Reviewed by Jean Costanza Miller, The George Washington University
Some U.S. presidencies are more historical than others, and some may be more rhetorical than others. Certainly, the election and presidency of Barack Obama has captured the attention of rhetorical critics, both because of the historic nature of the first election of a man who identifies as African-American and because of the rhetorical and oratorical skill he exemplifies. The Making of Barack Obama: The Politics of Persuasion is a collection of essays dedicated to exploring the rhetorical moves made by Obama as he "made" himself in his first campaign for the presidency and in his first administration, particularly his first two years in office. The book includes an introductory overview of the importance of studying Obama from a rhetorical perspective, nine essays delving into Obama's rhetoric—either in particular speeches or in addressing particular issues, and a final reflective essay by David Frank that draws out lessons to be gleaned from the substantive essays.
As a whole, the essays represent a nuanced account of Obama's rhetorical strategies, strengths, and shortcomings. Representing criticism that ranges from situational to Ciceronian to constitutive analyses, the essays address not only the challenges Obama faced, but also the implications of his successes and failures. In the Editors' Introduction, Matthew Abraham and Erec Smith note that, "Obama seems to have mastered Burkean concepts such as identification and consubstantiality, as well as Perelman and Olbrecht-Tyteca's conception of adherence." Indeed, issues of identification and division, of presence and adherence, are brought to the fore in this collection, offering much food for thought for Burkean scholars interested in the rhetoric of Obama, and specifically, how his rhetorical moves strategically negotiated the dialectic tensions of identification and division. In this review, I will highlight three themes that emerge in the book that serve to encompass Obama's construction of himself and his audience within the context of his campaign and early presidency: how he faced unique situational constraints, how he addressed complex composite audiences, and how he attempted to construct himself as consubstantial with his audience.
While all of the essays consider situational constraints facing Obama, two of the essays make Obama's response to particular situational constraints a more explicit focus. In the first essay of the book, Robert Rowland answers critical evaluations of Obama's domestic policy rhetoric by demonstrating that Obama's explicit and detailed explanations and justifications of his budget proposals, clearly argued and rhetorically sound cases for reform, failed not from a lack of rhetorical effort, but due to a long list of systemic and political constraints that made it all but impossible for Obama to win Congressional support for his domestic policy agenda. In his essay on Obama's response to Bush's statements on torture policy, Richard Marback argues that Obama's restrained and deliberative rhetoric appears weak and unpersuasive when contrasted with his predecessor's expansive presidential rhetoric that emphasized his role as the sovereign "decider." Marback makes the case that Bush's rhetoric functions as a constraint on Obama, who had the daunting task to "raise the level of rhetoric from rationalizing the sovereignty of the decider to encouraging the character of everyone" (159). These two essays importantly remind us of Burke's admonition that rhetoric, indeed, is contextual, and real material constraints exist. These essays highlight how Obama's choices in the face of these constraints define him as a pragmatic policy advocate.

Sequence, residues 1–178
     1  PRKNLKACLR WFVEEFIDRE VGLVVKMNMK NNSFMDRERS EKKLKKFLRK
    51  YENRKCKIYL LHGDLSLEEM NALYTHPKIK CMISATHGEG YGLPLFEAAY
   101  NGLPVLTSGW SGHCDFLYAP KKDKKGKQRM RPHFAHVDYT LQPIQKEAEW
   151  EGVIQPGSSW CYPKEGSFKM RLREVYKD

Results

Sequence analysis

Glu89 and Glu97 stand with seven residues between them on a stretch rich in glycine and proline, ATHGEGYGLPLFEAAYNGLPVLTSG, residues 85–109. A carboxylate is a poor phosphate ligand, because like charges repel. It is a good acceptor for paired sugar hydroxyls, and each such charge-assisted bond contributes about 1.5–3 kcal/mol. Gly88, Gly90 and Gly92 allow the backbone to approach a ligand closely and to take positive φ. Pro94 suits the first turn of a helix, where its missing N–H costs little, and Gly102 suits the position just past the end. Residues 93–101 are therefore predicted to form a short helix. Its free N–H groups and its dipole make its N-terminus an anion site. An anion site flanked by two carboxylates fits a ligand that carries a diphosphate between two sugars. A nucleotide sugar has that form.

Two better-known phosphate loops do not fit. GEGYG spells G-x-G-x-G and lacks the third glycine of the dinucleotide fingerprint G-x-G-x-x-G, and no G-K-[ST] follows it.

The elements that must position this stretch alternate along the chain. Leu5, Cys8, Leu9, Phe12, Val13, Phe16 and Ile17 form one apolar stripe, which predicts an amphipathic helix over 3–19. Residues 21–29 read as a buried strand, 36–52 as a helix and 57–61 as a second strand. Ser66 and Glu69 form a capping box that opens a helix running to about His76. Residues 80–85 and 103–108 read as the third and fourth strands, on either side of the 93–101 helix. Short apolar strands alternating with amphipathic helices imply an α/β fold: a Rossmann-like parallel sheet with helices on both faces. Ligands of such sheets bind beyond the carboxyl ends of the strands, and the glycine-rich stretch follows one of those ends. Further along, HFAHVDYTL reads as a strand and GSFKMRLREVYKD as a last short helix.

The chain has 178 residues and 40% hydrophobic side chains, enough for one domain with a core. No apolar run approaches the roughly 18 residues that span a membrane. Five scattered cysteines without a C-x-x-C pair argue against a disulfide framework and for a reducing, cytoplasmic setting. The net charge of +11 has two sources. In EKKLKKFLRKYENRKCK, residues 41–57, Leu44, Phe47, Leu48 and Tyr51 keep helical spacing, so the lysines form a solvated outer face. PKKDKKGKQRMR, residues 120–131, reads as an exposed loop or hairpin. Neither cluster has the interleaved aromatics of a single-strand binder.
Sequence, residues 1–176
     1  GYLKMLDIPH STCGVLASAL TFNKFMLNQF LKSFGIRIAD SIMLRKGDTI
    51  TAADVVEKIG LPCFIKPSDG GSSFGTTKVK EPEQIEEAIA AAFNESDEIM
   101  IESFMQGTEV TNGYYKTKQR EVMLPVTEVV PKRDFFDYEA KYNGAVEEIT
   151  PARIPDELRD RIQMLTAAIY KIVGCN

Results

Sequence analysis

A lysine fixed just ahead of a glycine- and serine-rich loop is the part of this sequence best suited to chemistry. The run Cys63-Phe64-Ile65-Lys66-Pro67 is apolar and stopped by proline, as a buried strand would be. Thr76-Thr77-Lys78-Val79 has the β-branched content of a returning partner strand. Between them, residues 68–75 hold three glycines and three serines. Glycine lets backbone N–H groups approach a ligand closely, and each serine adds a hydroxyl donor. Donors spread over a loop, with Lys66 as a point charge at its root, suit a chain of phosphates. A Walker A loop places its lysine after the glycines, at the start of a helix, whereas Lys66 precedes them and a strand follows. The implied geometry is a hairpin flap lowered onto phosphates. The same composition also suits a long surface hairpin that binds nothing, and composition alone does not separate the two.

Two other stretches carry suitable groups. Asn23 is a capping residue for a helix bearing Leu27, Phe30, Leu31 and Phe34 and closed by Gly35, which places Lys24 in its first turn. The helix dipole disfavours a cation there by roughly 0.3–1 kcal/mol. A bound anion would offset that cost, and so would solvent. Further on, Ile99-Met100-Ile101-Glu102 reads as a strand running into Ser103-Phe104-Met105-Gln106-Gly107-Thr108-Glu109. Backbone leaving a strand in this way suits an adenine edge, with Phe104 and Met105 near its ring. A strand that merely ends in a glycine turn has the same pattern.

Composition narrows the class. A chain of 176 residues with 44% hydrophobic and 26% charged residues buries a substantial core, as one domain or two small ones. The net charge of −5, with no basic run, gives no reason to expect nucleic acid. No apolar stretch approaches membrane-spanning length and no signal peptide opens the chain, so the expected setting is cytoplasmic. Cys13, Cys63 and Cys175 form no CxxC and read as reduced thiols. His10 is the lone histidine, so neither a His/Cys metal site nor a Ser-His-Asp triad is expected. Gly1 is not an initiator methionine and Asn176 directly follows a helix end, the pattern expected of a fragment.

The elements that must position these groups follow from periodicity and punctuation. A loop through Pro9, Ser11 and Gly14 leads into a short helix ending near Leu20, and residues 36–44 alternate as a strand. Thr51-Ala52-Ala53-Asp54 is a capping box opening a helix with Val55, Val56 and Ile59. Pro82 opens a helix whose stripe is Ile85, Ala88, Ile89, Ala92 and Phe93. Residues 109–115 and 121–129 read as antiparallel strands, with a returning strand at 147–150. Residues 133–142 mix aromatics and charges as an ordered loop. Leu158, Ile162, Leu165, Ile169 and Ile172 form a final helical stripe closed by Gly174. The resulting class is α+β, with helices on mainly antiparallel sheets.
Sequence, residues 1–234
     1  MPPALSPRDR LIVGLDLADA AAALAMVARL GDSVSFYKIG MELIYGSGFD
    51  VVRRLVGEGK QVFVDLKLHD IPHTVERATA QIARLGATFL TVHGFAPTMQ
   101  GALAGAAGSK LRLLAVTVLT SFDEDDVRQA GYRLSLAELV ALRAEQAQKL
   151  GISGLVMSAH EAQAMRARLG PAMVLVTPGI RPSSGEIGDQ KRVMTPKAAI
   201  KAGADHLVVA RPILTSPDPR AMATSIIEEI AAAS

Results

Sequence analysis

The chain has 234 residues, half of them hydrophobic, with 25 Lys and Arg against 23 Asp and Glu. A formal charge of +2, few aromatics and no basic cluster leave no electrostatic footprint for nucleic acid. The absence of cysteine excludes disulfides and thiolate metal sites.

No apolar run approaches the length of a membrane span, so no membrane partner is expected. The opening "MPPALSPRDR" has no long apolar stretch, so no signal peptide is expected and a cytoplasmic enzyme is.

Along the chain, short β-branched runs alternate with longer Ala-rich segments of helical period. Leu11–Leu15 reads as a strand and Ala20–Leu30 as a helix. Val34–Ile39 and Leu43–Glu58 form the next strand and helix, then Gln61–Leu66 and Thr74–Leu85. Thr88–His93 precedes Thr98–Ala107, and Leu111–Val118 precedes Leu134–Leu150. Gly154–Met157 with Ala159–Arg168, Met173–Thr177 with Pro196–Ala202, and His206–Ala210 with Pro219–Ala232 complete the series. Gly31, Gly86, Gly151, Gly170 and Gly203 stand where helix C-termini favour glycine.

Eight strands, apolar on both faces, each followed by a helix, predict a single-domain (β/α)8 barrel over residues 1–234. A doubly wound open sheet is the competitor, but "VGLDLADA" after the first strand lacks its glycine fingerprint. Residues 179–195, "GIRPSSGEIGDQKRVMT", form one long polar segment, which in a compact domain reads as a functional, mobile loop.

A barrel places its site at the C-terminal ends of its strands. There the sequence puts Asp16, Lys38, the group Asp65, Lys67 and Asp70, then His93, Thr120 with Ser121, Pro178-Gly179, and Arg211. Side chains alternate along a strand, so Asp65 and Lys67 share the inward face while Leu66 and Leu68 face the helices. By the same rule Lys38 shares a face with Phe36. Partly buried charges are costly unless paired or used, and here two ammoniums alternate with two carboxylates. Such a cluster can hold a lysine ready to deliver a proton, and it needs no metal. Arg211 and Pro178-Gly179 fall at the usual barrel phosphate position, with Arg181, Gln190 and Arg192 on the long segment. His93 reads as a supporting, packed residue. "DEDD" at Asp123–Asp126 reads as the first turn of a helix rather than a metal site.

A consistent constraint of presidential rhetoric is the need to address composite audiences. John Jasso and Anthony Wachs offer an intriguing account of Obama's relationship with Catholics by tracing his appointments to key social welfare and health care posts as symbolic acts that negotiate his relationship with dissident Catholics, the Catholic laity, and the Church hierarchy. Jasso and Wachs show how the shifting appointments and rhetoric surrounding them signal shifts in Obama's strategies for appealing to Catholics and non-Catholics, and open opportunities for different interpretations of that relationship. Michael Kleine explicitly addresses the composite audience in his analysis of Obama's West Point Address. Drawing on classical rhetorical theory, Kleine demonstrates that in this discussion of the war in Afghanistan, Obama establishes both his own authoritative presidential ethos and the ethos of the nation as a moral member of the world community by unifying policy factions through his use of narrative, argument, and refutation in support of a moderate policy claim. Both of these essays remind us of the importance of rhetoric as addressed, and thereby as a means of negotiating meanings among multiple audiences with different interests.